The Stone-Campbell Restoration Movement began as a challenge to both the heart and the mind. Heartfelt allegiance to Christ combined with unswerving commitment to study and obey Scripture grounded the movement from its beginning in early 19th century America with Thomas and Alexander Campbell, Barton W. Stone, and Walter Scott. The very fact that the movement today tends to define itself by combining the last names of Alexander Campbell and Barton W. Stone honors this continuing heritage of both heart and mind, Campbell serving as he has from the beginning as the mind of the movement and Stone as its heart. Together, they bond the hope of uniting the church around Christ and Scripture.
A crack which began to sever mind from heart occurred in the 1920's with the onslaught of modernism and its effects particularly on the Disciples of Christ branch of the movement, from which the A Cappella Churches of Christ had separated previously. Propelled into modernism by the liberal scholarship of the Disciples' educational institutions, what is now often designated the independent Christian churches gradually withdrew from Disciples of Christ membership. They formed instead a fellowship of independent congregations held together by the annual preaching rally of the North American Christian Convention, Standard Publishing, and what would become over thirty-five regionally-based Bible colleges.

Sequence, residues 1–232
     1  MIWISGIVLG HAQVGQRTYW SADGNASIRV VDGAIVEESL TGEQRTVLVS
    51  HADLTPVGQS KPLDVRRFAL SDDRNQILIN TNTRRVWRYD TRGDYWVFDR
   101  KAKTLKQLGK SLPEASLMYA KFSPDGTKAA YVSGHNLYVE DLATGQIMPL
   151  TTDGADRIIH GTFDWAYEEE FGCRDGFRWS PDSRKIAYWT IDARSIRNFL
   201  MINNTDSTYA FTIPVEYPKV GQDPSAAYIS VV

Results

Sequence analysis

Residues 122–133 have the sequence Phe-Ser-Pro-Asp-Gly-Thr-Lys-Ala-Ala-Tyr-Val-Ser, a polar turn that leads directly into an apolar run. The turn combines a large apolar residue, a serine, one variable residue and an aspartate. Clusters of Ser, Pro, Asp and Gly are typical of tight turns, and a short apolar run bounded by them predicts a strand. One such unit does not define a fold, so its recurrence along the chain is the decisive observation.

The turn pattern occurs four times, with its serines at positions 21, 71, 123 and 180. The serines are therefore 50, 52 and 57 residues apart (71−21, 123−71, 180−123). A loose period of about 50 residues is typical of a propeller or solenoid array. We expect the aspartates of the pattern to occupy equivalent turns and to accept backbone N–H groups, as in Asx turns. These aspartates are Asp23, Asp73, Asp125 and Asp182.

At considerable financial sacrifice to churches and individuals, one-by-one the Bible colleges were opened, with a clear mandate to train preachers in order to fill pulpits, plant churches, and foster world-wide missionary efforts. All of this they did and continue to do well.